As against this evidence appellants offered to prove by F. G. Cook what Sheldon W. Cook had told him in November, 1911, when he confronted him with the fact that proceedings had been begun to administer the estate of John J. Crilley and that Sheldon had been named as a son and heir of Crilley. Pedigree may be proved by hearsay evidence, but it seems to be well settled that a declaration concerning kinship reproduced as hearsay, to be admissible, must have been made by a person, since deceased, before a controversy arose, and who was related by blood or affinity to some branch of the family the pedigree respecting which is in question. (Jarchow v. Grosse, 257 Ill. 36; Aalholm v. People, 211 N. Y. 406, L. R A. 1915-D, 215.) While the authorities are not in harmony respecting all of the elements of this rule, there seems to be no difference of opinion upon the proposition that such declarations are admissible only when the circumstances show they are the natural effusions of a party who is in a position to know the truth and who speaks upon an occasion when his mind is free from bias and without temptation to exceed or fall short of the truth. (3 Wigmore on Evidence, — 2d ed. — sec. 1483; 2 Jones’ Commentaries on Evidence, sec. 312; Metheny v. Bohn, 160 Ill. 263.) Declarations made after a controversy concerning the parentage of a child arises lack the guaranty of trustworthiness which is present when the declarant *466is free from inducement to misrepresent the facts. Under such circumstances they are subject to a strong suspicion that the declarant is making evidence to serve his own ends. While the controversy must be such as to justify the conclusion that the mind of the declarant is not free from bias, it is not necessary that litigation should have actually begun. When Sheldon W. Cook told his story of his relations with Sheldon’s mother from 1891 to the date of her death he faced a situation which might cause suffering to the boy he loved and regarded as his own son and which might expose himself to the contempt of his neighbors and associates. He had ever}'- motive for exaggerating the facts which would show Sheldon to be his son and which would minimize the facts tending to show that he might be the son of Crilley. Litigation was then actually pending which would necessarily involve the parentage of Sheldon. Under these circumstances all of the authorities exclude such hearsay testimony.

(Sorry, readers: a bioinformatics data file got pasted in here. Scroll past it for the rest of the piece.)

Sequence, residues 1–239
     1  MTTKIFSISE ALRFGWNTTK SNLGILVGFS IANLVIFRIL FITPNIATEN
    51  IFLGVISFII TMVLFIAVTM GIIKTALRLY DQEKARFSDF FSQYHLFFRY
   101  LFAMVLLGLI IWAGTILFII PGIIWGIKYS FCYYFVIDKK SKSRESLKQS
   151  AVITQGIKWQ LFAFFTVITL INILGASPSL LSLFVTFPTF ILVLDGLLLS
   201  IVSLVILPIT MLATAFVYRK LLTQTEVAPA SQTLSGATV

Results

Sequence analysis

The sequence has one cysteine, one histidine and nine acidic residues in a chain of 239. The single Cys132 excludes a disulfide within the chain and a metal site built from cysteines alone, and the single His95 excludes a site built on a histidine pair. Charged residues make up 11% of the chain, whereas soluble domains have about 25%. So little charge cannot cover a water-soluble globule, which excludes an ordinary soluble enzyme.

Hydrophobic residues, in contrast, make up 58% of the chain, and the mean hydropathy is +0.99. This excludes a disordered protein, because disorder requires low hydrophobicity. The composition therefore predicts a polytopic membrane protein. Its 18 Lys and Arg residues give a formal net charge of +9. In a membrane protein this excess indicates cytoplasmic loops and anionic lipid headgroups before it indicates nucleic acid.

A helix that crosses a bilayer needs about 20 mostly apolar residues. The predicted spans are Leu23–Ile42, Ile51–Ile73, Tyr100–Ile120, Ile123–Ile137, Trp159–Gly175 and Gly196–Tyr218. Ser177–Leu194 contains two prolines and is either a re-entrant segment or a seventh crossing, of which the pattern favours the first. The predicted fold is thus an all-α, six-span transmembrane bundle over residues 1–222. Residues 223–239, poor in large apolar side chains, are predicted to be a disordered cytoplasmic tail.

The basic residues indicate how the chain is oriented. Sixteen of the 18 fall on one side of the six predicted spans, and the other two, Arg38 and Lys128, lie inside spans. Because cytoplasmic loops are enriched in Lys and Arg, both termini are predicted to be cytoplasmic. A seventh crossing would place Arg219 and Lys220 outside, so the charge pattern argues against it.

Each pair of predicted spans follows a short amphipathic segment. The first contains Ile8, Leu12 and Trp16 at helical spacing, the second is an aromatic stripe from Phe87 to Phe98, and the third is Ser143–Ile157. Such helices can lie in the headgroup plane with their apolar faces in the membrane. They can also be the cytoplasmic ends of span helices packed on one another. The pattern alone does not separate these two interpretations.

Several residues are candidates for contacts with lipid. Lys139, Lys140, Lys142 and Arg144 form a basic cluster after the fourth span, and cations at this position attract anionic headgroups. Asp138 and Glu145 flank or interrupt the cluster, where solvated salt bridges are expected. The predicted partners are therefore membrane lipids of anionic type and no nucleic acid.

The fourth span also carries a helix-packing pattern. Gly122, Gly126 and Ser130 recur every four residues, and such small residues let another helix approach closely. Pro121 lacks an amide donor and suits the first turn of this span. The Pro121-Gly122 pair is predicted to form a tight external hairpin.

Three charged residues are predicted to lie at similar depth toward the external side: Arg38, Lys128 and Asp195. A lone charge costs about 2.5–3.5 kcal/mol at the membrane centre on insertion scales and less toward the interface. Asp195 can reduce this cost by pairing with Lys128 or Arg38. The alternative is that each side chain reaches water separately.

There are other bits of evidence in the record, but if full credit be given to all of the competent evidence which to any degree tends to prove that Sheldon is the son of Cook, it is not enough to overcome the direct and positive evidence that Crilley was the lawful husband of Sheldon’s mother at the time he was born and that he had access to her at the time when, according to the laws of nature, the mother became pregnant. The competent evidence in this record clearly establishes that Sheldon is the son of John J. Crilley and therefore the nephew of decedent.

There is nothing in the judgments of the courts of Massachusetts or Maine to bar the judgment entered in this case, and it is therefore affirmed.

, Judgment affirmed.